16. oh gosh, i so agree. i too believe it is crossing a professional boundary when nurses do this... and seriously wish there were penalties for those who do. or, that the BON would consider that professional misconduct. the only exception might be working in a faith-based hospital and their p&p encouraged such interchange. even then i still feel uncomfortable with a nurse disclosing that type of info to a pt. it is just not professional. yet, people are going to do what they want to do. in some cases it'll be because they don't see anything wrong with it; and others, do so out of defiance...sheer defiance. this isn't specific to religion, i am saying this in the most general sense. aky, great point about everything that is dumped on us nurses. leslie
  17. at this point, this is semantics as anyone could defensively assert that they only are conversing. i have been privy to many bedside confessions. when a pt has shared with me that they are not sure if they are going anywhere (after death), a few have asked me what i believe. keep in mind that i had developed very intimate relationships with these folks. i worked inpatient hospice so we were together, during the most vulnerable of conditions, for weeks...sometimes months at a time. these bedside conversations were a reflection of a cumulative bonding experience that only deepened over time. and so, at those moments (when they asked me my beliefs), i kept it as brief, succinct and conceptual as possible. for example: from the time i was a child, i understood that energy never dies. and so because man is comprised of energy, it made perfect sense that while our physical body dies, our soul does not.... because our soul and spirit are energy forms. my patients found comfort with that, because "it made sense" to them. there was nothing religious about it, and i tried to be as analytical and logical about it to extent possible. even if i didn't believe that? i believe i would have still answered the same way as these pts were terror-stricken about dying and the thought of nothingness or hell afterwards... again, absolutely nothing religious about our conversations. fwiw, while you also deny that you would proselytize... anything cited from the bible, could be construed as just that. leslie
  18. leslie :-D

    Why are people uncomfortable talking about mental health?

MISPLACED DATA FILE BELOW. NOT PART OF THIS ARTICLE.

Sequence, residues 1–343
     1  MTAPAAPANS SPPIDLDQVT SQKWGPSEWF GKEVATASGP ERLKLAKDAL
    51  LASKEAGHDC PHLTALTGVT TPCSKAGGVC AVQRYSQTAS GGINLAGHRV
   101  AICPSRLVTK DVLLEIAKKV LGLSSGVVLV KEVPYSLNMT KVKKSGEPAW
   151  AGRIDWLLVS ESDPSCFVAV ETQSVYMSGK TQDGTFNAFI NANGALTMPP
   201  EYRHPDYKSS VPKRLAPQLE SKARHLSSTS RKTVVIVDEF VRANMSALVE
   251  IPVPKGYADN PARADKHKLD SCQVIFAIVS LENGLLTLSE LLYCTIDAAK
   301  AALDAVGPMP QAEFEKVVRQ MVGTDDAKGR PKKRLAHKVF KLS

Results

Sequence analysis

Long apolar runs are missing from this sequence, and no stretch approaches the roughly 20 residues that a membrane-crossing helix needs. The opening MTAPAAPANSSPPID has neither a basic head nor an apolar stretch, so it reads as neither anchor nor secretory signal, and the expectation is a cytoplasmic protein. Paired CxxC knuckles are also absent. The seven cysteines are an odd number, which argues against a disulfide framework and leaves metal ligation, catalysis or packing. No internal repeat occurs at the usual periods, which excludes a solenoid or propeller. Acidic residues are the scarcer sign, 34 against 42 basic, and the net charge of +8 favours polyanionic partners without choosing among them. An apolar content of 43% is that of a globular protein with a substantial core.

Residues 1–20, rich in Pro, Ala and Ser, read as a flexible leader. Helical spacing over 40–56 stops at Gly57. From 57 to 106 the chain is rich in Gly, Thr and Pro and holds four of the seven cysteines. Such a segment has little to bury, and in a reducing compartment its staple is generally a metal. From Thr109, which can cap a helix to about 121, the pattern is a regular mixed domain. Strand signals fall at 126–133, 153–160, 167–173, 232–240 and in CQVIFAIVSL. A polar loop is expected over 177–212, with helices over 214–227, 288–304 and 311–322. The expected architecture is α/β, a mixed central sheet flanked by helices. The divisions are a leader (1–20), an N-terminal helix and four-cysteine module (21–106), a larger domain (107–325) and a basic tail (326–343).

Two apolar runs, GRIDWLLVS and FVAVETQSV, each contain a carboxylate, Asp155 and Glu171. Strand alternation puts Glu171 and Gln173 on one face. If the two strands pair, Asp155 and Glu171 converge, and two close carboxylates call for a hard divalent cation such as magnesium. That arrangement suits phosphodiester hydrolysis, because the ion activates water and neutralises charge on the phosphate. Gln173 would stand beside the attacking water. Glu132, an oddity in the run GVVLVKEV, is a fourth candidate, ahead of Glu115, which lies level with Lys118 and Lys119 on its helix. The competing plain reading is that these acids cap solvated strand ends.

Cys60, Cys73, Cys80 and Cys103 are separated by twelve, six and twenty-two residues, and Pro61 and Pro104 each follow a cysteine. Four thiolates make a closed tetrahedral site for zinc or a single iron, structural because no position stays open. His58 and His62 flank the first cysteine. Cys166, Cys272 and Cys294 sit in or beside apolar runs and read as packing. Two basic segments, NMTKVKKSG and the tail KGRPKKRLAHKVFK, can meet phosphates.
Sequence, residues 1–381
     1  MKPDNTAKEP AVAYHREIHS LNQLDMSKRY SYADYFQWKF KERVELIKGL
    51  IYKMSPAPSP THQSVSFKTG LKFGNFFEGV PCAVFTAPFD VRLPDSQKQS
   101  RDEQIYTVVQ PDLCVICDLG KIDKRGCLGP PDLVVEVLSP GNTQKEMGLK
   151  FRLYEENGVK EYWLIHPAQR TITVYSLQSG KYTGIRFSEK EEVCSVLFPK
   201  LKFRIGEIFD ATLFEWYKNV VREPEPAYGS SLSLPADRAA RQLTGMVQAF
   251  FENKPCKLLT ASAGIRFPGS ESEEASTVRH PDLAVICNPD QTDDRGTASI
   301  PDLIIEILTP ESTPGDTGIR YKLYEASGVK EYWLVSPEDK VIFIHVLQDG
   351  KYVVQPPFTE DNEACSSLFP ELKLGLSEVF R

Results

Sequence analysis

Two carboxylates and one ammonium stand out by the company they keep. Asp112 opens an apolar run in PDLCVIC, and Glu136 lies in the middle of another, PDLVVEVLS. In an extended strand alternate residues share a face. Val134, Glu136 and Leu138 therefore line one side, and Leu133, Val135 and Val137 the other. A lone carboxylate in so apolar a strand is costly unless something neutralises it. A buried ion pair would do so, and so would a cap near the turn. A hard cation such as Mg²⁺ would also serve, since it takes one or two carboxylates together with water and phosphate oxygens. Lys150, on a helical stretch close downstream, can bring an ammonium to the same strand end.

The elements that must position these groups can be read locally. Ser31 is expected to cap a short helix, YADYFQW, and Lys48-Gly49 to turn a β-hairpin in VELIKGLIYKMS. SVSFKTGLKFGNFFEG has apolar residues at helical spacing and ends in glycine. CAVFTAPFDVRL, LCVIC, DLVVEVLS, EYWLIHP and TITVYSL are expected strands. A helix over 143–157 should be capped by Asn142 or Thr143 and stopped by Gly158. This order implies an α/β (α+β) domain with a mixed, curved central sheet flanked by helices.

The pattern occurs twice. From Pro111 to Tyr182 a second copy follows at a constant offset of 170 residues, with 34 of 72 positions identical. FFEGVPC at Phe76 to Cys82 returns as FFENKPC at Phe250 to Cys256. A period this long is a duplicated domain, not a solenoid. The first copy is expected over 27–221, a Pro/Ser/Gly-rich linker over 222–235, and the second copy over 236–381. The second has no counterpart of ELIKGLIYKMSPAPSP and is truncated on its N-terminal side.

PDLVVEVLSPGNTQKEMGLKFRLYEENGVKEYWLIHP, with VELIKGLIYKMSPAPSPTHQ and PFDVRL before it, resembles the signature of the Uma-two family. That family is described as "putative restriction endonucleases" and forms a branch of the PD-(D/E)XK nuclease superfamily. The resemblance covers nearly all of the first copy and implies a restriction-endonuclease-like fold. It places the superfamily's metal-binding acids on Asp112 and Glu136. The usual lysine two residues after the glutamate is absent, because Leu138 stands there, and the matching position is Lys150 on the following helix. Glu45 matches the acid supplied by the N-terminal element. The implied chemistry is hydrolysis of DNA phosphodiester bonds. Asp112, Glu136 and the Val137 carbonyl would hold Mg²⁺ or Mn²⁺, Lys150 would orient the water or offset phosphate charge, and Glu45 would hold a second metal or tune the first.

the above (my meds) is one of the major reasons i haven't returned to nsg... don't trust myself because a lot of my memory is shot and my mind is often discombobulated. be careful, sweetie. leslie
  19. ok, we are clearly not communicating, or, i am thick as poop... because for the life of me, i am not understanding how you can definitively deny a contradiction. again, a pt is in spiritual crisis, i.e., they are UNSURE if they are truly Christian or not. and so, the aforementioned would fit your first criteria of "the dying patient was a non-believer"... because even if they had been a practicing Christian their entire lives, lots of beliefs can and do change when dying. to quote 2 thessalonians 1:7-10 to a distressed, dying pt would be devastating. if you cannot understand that, there is nothing more i can say. and yes, you are probably correct in that majority of Christians believe Jesus is son of God. i'm not sure what your point is, but i will concede to that. i have cared for several Christians who were at peace. they talked about going home to Jesus, they had the 'glow' and were clearly firm in their faith. it is when there is absolutely no spiritual confusion and when the pt openly talks about their religion with joy, then that would be the only time when a nurse could respond in same. but even then, i personally do not believe in that. i feel it crosses professional boundaries but everyone feels differently. i do believe i've said all i can on this matter. if you still believe there is nothing wrong with sharing thessalonian's passage to a pt in spiritual crisis, then i will pray you don't devastate them. it is out of my hands. take care. leslie
  20. leslie :-D

    End stage Alzheimer's

    how does anyone live 6+ months without eating and without a feeding tube? leslie
  21. leslie :-D

    Why are people uncomfortable talking about mental health?